@Progressive Blog

Does Where You Live Affect Your Auto Insurance Premium?

Posted by Allison Ruuska on 1/21/2008 at 1:00 PM

Several factors affect the price you pay for auto insurance — your age, driving record, type of vehicle, etc. — but did you know where you live also affects your premium?

 

It's true: Your location directly impacts your insurance rate. In fact, most insurance companies, including Progressive, consider where you live when they price policies.

Generally, city dwellers pay more for auto insurance than rural dwellers. Why? Because auto premiums are largely determined by factors related to the frequency and amount of a claim payout. Logically, cities have much denser populations than the country, so the risk for an accident is much higher in urban areas than it is in rural areas. Because of this, you most likely will pay more if you live in the city than if you live in the country.

Let's look at some of the locational factors that may come into play when determining how much you pay for auto insurance.

Frequency of Loss

As mentioned already, living in an area with a higher population increases the risk of an accident. Since cities have more people, they generally have more accidents, too. Therefore, if accidents happen more often in a specified area, the price for insurance will be higher since the chance for a claim is higher.

Density

Alongside frequency of loss comes density. The more people in a given area, the higher the risk of human error that can cause accidents. Fewer people travel country roads, so the accident risk factor is lower in rural areas. Hence, those who live in the country most likely will pay less for insurance than those in the city.

Safety Services

The availability of safety services influences locational considerations, too. Safety services include:

  • Response times for police, fire departments and ambulances
  • Road maintenance in inclement weather
  • Enforcement patterns, such as how well laws are implemented by municipalities and law enforcement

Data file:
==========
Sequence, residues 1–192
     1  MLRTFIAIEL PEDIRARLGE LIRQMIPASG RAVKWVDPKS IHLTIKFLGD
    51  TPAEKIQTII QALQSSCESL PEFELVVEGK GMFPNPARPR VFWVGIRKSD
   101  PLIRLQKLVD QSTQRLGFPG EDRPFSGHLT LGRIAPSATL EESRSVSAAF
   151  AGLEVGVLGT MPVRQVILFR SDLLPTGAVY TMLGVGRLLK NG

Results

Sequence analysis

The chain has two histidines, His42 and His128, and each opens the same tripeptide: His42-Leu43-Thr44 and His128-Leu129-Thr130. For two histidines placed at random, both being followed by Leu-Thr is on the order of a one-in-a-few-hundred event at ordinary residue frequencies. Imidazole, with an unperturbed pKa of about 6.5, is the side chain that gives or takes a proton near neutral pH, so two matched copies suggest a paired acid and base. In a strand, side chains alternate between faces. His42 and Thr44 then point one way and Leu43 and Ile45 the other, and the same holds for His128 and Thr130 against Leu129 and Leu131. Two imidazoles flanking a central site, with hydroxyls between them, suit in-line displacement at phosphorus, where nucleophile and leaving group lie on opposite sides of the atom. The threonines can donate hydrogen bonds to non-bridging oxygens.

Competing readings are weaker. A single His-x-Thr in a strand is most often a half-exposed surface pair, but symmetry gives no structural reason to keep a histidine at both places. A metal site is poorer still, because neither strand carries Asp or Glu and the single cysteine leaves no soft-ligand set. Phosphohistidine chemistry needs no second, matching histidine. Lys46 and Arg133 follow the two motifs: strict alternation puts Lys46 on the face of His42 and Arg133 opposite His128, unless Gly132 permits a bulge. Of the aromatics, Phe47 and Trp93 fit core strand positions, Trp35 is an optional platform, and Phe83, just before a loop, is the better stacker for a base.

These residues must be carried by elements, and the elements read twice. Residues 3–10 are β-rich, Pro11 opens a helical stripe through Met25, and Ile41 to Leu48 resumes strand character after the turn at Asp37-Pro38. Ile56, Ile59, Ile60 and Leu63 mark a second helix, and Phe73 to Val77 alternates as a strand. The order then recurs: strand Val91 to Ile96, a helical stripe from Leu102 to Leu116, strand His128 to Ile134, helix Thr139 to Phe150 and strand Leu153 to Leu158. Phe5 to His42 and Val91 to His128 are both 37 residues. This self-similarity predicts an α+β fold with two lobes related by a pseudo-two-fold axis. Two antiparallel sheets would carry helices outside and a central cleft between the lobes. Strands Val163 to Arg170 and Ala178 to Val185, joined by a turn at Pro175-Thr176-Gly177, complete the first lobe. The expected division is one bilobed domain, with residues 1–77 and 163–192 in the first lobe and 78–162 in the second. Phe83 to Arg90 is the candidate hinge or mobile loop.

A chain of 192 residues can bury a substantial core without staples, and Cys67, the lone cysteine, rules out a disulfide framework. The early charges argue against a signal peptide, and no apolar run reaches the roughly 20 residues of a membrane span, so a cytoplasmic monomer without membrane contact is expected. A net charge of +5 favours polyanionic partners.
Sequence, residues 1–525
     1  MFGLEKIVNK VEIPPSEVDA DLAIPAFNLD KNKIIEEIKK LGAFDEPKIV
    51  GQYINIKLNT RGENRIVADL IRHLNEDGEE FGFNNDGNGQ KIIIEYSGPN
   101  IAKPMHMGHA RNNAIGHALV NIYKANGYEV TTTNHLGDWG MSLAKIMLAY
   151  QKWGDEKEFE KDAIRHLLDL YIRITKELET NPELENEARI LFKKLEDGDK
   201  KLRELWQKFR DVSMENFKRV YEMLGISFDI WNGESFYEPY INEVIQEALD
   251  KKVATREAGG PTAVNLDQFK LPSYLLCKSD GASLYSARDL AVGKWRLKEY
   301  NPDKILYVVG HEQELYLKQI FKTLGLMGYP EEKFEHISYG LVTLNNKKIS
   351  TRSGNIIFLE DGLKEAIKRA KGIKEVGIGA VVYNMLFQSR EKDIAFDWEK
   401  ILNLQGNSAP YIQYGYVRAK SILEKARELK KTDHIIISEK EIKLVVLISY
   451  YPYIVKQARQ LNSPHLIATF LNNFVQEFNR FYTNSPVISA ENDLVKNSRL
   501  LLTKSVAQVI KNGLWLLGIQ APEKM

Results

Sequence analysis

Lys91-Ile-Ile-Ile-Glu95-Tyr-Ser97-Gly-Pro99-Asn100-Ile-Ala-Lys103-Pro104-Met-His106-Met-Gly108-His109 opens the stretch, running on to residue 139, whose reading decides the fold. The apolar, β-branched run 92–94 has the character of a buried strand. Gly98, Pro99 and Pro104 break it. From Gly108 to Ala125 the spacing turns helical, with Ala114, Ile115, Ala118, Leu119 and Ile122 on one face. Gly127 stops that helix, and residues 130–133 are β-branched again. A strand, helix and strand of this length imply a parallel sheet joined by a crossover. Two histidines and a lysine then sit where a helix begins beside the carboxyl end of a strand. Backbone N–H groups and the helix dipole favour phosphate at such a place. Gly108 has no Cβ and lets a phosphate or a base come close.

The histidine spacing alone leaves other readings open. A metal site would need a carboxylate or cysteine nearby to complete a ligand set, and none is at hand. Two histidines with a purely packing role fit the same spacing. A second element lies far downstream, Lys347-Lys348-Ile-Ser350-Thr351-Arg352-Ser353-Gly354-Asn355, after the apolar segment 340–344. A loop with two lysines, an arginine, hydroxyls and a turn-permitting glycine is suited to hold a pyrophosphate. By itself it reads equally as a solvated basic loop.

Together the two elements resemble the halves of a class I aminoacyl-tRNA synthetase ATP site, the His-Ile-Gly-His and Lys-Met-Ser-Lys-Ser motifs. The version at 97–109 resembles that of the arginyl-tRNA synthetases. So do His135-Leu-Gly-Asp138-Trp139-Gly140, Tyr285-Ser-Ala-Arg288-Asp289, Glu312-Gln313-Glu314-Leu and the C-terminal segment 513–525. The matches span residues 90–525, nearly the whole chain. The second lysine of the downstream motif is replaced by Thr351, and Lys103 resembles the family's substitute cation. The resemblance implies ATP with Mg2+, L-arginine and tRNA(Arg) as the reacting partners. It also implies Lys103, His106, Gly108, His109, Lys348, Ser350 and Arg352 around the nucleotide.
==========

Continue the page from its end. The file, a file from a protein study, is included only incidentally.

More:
• How roads are designed
  • Number of intersections in a given area

Areas that have fast response times, aggressive enforcement of laws, well-designed roads and intersections, and other positive safety services will be considered safer areas than those whose safety services aren't as available.

Weather

If you live in an area where snow or other inclement weather is a common occurrence, your insurance premium may be higher. Treacherous road conditions can raise your chances of being involved in an accident while driving, which means the risk for a claim is higher.

Theft/Vandalism Rates

In areas that suffer from high crime rates, the risk of a vehicle theft or vandalism is greater. If break-ins occur frequently in your neighborhood, you can expect that you'll be paying more for insurance.

Litigation Climate

Another factor is the litigation climate in your area. Is there a higher propensity to sue after an accident? Insurance companies may look at this — and they may even examine the number of lawyers per square mile — to help gauge the litigation risk in your area.

Though many factors are considered when pricing insurance policies, location is an important one that can directly impact what you pay for auto insurance.

The information in this blog may vary based on your particular state or situation. Always refer to your insurance policy for your specific coverages.

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Comments

for a teenager, does their driver's license have to reflect their "legal" address or can they put whatever address and then get insurance under that address? How does the insurance company validate the address of the driver versus the address of the vehicle? Divorced - dad is providing the vehicle, minor lives with mom in different zip code. Minor can't have vehicle until January 2013 so it is at dad's but once minor get's possession it will be in a different zip code and the minor was told to put his address on the permit, which is not her legal address.
Posted on 9/17/2012 at 2:14 PM by D R Schroeder
@D R: We base a policy on the ZIP code where the driver keeps the vehicle. The driver's mailing address can be different, if he or she chooses. In terms of providing accurate information, failure to do so could affect coverage.
Posted on 9/25/2012 at 9:55 AM by Progressive

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